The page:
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Hustle and Flow 

Craig Brewer

Hustle and Flow
Directed by: Craig Brewer
(MTV FIlms)
Terrence Howard had what they call in professional sports a “career year.” After a long stretch in the character-actor trenches, he shone in Crash, Four Brothers and Get Rich or Die Tryin’, but no more so than as DJay, the Memphis pimp who wants to change his life through music in Hustle and Flow. His opening monologue, delivered with conviction in the front seat of his muscle car, followed by the yellow, fat title font and Buddy Guy’s “Baby, Please Don’t Leave Me” sets the mood for this gritty, affecting update of 1970s Blaxploitation. Howard portrays DJay as a mass of contradictions, vulnerable yet violent, but most of all driven. The grim opening reel lightens as the pimp becomes a rapper in his home studio and tries to get his demo into the hands of a local who made it big (Ludacris). Though 50 Cent’s movie was a fictionalized version of actual events, and this just fiction, Hustle and Flow cooks with a sense of desperation, drama and jeopardy absent from the big-budget vehicle that makes this Sundance favourite the one to see. And just try to get the oh-so tasteful tunes out of your head: “You know it’s hard out here for a pimp/when you’re tryin’ to get this money for the rent.”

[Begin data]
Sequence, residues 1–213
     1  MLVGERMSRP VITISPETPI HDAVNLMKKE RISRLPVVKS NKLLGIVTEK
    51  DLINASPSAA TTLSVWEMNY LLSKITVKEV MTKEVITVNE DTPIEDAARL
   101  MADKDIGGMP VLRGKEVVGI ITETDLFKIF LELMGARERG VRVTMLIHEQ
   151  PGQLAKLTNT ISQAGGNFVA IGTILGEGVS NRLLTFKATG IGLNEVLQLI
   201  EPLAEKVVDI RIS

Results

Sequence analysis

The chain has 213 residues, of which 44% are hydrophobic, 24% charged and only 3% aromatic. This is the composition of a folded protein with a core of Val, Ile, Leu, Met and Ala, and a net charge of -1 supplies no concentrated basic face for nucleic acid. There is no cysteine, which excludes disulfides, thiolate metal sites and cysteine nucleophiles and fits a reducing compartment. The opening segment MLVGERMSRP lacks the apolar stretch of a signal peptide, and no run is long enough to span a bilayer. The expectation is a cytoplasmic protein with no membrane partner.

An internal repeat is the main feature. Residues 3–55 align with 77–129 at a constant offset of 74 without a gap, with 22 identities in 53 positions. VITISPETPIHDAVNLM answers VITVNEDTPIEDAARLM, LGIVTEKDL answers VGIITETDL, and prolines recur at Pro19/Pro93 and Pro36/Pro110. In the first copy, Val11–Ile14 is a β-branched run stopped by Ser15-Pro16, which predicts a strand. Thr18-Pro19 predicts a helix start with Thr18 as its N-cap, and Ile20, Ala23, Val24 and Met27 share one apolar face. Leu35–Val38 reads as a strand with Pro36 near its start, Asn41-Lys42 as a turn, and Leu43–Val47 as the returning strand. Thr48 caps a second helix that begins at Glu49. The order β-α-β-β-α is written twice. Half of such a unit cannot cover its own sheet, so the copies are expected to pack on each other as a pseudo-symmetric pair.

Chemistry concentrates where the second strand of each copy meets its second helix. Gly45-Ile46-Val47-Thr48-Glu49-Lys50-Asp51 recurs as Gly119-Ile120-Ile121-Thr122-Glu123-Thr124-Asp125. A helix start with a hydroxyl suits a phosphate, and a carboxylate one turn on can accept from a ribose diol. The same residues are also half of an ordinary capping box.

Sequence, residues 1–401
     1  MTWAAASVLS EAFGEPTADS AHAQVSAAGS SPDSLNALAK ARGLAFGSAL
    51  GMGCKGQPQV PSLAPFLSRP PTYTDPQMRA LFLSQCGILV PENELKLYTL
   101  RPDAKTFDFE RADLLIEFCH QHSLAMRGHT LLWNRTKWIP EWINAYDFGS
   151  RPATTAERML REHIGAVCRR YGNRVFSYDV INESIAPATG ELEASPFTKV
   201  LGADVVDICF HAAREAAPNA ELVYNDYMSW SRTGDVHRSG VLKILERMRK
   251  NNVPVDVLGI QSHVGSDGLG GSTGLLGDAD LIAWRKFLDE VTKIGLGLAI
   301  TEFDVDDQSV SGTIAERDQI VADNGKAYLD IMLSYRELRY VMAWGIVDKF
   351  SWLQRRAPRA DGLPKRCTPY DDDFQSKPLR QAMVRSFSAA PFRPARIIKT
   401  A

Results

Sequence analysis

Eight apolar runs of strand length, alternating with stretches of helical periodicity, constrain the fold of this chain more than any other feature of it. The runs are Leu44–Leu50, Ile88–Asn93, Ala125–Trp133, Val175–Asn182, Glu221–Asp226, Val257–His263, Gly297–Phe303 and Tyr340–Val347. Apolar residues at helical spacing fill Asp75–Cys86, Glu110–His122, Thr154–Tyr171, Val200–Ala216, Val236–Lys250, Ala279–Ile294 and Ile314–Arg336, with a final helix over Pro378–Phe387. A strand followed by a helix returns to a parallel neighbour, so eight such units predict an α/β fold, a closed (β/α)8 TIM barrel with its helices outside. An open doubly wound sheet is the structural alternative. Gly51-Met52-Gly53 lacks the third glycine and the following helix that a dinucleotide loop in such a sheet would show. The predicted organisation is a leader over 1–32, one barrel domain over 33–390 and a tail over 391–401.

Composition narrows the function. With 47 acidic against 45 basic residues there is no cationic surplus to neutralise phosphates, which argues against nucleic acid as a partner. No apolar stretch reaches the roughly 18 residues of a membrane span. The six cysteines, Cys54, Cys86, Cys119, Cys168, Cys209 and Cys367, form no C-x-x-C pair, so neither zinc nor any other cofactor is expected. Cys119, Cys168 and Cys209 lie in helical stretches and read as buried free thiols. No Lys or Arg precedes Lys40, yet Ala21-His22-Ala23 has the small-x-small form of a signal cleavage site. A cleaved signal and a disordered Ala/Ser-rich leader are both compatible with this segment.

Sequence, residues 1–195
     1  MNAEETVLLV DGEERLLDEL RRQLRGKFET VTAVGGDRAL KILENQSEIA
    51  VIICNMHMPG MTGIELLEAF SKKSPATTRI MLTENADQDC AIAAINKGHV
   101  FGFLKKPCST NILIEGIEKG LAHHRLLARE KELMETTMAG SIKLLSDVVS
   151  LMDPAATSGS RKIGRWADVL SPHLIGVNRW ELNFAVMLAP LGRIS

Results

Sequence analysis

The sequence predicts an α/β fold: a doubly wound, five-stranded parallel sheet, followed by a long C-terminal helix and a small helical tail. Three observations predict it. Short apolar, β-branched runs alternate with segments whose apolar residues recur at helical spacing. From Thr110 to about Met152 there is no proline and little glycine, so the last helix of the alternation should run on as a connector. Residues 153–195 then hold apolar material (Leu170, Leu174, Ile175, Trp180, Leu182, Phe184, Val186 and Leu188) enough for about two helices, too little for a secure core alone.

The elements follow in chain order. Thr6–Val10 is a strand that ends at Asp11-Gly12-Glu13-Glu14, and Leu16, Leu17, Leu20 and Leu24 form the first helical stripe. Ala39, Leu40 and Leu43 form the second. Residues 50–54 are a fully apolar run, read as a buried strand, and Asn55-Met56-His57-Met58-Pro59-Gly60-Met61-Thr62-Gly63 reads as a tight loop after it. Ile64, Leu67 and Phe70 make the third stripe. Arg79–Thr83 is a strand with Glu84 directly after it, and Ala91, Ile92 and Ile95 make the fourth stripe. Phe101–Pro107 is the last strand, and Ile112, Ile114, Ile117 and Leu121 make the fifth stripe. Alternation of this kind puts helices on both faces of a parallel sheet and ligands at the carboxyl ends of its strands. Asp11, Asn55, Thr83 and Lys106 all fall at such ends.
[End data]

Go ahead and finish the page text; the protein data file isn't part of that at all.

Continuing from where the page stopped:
—Carsten Knox

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